The National Energy Regulator of South Africa (Nersa) has published rules for the registration of what it calls “small-scale embedded generation” and has invited the public to comment thereon by 31 May 2018. AfriBusiness is concerned with the intent behind the rules as the “innocent” language only refers to the registration of private small-scale electricity operations of less than 1 MW, whether connected to the main grid or not.
AfriBusiness believes Nersa is attempting to create a database of private electricity producers which could be used to identify individuals who are living off the grid completely or partially, which will allow Nersa or municipalities to levy fees for the operation of such systems. This is ironic considering the fact that after the major load shedding suffered since 2008, certain consumers have heeded Eskom’s call for them to utilise less electricity. Now that they have heeded the call, there is an attempt to make an income off the dwindling electricity sales as more people and companies are going off grid.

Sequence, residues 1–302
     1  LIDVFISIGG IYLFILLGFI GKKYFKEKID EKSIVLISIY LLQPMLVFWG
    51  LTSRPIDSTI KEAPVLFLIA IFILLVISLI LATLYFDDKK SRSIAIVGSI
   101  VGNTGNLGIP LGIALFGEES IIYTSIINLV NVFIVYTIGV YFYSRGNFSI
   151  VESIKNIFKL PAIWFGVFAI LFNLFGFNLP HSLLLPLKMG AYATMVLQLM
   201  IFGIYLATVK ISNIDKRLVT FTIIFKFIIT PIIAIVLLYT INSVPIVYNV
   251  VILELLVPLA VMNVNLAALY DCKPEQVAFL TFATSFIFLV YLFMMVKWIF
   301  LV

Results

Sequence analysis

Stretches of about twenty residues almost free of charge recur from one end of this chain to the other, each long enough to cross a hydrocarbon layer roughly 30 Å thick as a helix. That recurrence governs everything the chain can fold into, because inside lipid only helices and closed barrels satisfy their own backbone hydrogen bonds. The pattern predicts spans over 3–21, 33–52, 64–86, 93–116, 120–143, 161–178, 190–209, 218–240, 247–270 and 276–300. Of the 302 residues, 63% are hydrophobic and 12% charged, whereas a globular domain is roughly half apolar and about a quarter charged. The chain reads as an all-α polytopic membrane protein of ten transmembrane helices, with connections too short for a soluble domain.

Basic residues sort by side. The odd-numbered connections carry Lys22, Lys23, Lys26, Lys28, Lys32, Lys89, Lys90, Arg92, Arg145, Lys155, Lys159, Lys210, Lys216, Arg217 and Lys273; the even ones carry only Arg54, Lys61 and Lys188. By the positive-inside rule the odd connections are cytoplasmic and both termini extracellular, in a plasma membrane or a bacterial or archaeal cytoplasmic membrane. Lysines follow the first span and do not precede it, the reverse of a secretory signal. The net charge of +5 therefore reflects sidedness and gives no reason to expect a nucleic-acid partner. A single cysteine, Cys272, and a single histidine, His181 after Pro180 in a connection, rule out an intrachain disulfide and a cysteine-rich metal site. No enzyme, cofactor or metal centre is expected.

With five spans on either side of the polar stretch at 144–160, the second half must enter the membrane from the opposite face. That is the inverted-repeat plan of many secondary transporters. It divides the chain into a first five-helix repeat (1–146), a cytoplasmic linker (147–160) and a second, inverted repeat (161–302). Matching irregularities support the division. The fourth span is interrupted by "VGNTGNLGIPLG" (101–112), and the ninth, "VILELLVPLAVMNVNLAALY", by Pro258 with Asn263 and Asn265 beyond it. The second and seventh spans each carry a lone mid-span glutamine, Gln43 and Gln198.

Nersa’s attempt to regulate private electricity production is another example of unnecessary interference by the state to hinder the private sector. Private electricity production is not harming anyone except those state-owned enterprises and local municipalities that are now bearing the brunt of their efforts to have South Africans use less electricity from local suppliers.
“AfriBusiness will submit comments to Nersa regarding these regulations and is urging the public to do the same. It is important to protect the private sector and free-market principles from state interference as such interference mostly leads to detrimental consequences for those who are being overregulated,” says Armand Greyling, Law and Policy Analyst at AfriBusiness.